They said those measures would include programs to enhance the resilience of coastal communities as well as Agriculture Department “climate adaptation hubs” that could help farmers cope with changes in temperature and precipitation.
“Taken together, these actions indicate an entirely new sense of urgency in addressing the threat climate change is posing to our economy and security,” said Paul Bledsoe, a senior fellow on energy and climate at the German Marshall Fund and a former White House climate adviser under President Bill Clinton.
Unlike his other signature second-term initiatives, such as immigration legislation, gun-control measures and entitlement reform, Obama can undertake all of these policies without congressional input. Though Congress could theoretically overturn an Environmental Protection Agency rule to regulate existing utilities under the Clean Air Act, Democrats have the votes they need in the Senate to block such an effort.
In a video announcement the White House posted Saturday afternoon, Obama highlighted the benefits of addressing global warming, saying it “is a serious challenge, but it’s one uniquely suited to America’s strengths.”
“We’ll need scientists to design new fuels and farmers to grow them,” he said. “We’ll need engineers to devise new sources of energy and businesses to make and sell them.”
But the move to impose greenhouse gas limits on existing plants — which account for a third of the nation’s greenhouse gas emissions and 40 percent of its carbon emissions — will raise consumers’ electricity prices in the short term as utilities are forced to shutter aging coal plants to comply with stricter pollution limits.
According to the Edison Electric Institute, a utility trade group, there are 1,142 coal-fired utilities in the United States and 3,967 natural-gas-fired plants, all of which would face new carbon limits under Obama’s proposal. Last year they accounted for nearly 68 percent of all electricity production, according to EEI, compared with nuclear and hydropower utilities, which made up 19 percent and 6.7 percent, respectively. All renewables combined amounted to 5.4percent of electricity generation in 2012.
Stephen Brown, vice president for government affairs for Tesoro Corp., said if Obama delivers on his promise to regulate power plants, “the administration’s war on fossil fuels is now fully joined. Apparently, this White House is willing to sacrifice the American manufacturing renaissance brought on by booming domestic energy development on the altar of climate change.”
Dan Lashof, director of the Natural Resources Defense Council’s climate and clean-air program, said the president can no longer afford to delay regulating existing plants, the single biggest step the administration can take to meet its global pledge of cutting the nation’s carbon output to 17 percent below 2005 levels by the end of the decade.
While carbon dioxide emissions from coal-fired power plants fell 13.1 percent between 2005 and 2012, according to the U.S. Energy Information Administration, they rose 7.1 percent the first quarter of this year as natural gas prices shot up and utilities started burning more coal. Overall, energy-related carbon emissions in the United States rose 3 percent in the first quarter of 2013, compared with a 4 percent drop in 2012.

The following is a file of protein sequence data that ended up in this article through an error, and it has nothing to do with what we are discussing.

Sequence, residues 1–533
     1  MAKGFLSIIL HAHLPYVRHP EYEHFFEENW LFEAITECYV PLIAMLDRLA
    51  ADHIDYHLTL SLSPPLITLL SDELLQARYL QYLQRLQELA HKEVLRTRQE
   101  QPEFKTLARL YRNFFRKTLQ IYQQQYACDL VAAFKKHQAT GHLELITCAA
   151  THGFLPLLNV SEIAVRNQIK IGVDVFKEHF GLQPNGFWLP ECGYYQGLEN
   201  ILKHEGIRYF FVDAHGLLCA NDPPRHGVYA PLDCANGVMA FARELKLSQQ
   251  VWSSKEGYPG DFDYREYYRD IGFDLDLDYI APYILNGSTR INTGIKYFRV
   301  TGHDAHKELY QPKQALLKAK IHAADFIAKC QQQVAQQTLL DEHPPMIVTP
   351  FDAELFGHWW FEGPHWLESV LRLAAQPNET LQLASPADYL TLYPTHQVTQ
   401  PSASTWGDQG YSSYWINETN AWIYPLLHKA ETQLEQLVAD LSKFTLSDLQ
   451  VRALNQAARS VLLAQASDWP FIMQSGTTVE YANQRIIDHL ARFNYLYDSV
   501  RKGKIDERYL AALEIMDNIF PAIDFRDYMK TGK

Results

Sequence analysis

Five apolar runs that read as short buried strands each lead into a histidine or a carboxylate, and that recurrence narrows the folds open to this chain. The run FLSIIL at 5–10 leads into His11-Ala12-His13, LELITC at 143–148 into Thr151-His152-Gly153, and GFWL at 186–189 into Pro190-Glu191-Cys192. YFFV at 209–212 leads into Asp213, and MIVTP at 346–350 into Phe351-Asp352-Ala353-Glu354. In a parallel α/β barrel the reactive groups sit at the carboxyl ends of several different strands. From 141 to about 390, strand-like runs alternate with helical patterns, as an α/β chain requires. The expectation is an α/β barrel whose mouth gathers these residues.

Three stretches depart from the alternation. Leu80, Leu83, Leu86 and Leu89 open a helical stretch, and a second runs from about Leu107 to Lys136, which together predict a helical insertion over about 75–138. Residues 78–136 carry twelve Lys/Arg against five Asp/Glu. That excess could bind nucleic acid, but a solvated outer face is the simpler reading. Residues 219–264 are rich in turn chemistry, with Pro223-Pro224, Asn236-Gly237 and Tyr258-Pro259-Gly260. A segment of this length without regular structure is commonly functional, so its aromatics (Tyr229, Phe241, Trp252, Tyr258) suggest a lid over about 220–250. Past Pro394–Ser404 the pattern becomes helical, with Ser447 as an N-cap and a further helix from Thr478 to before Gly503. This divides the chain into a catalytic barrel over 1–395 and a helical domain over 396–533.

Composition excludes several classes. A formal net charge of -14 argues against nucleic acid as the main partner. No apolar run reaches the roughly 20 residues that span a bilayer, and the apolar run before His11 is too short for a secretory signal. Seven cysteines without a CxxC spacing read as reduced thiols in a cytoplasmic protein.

The NRDC has proposed a plan for regulating existing plants that would let states use different routes to meeting federal standards, including credits for utilities that implement broad energy efficiency programs. It would also let utilities average their emissions from old plants with the zero emissions they would get from pursuing new renewable energy projects. NRDC estimates its plan would cost industry $4 billion but save many times that in health benefits.
“The president confronts many threats that appear more urgent, but none are more important to his legacy,” Lashof said.
The administration recently changed the way it estimates the social cost of carbon, which it uses to calculate the costs and benefits of climate rules. Regulators now assume it is worth about $36 per ton to avoid emitting carbon dioxide into the atmosphere, compared with the $22 per ton they used before.
Scott Segal, a lobbyist for coal-fired utilities, said that he found the cost estimate change “sobering” and that it will allow the administration to impose costlier rules by exaggerating benefits.
The administration has already delayed a proposed rule aimed at regulating greenhouse gas emissions from any new power plant; while Obama will also pursue that policy, individuals said, the EPA will modify the rule or re-propose it before finalizing it.
Even as Obama lays out his climate change plan this week, he will steer clear of making a definitive statement on the fate of the Keystone XL pipeline, which environmentalists have turned into a litmus test of the administration’s stance on global warming. The State Department is still reviewing whether to grant a permit to the project, which would ship heavy crude oil from Canada to Gulf Coast refineries.
As Vice President Biden has traveled the country this month appearing at a series of fundraisers, environmentalists have pressed him to commit to blocking the presidential permit. But on multiple occasions, Biden has emphasized that is a decision the president will make in the future, and his role will be to offer advice just before Obama makes the call.
“I’m the vice president,” he has told people, with an emphasis on the third word.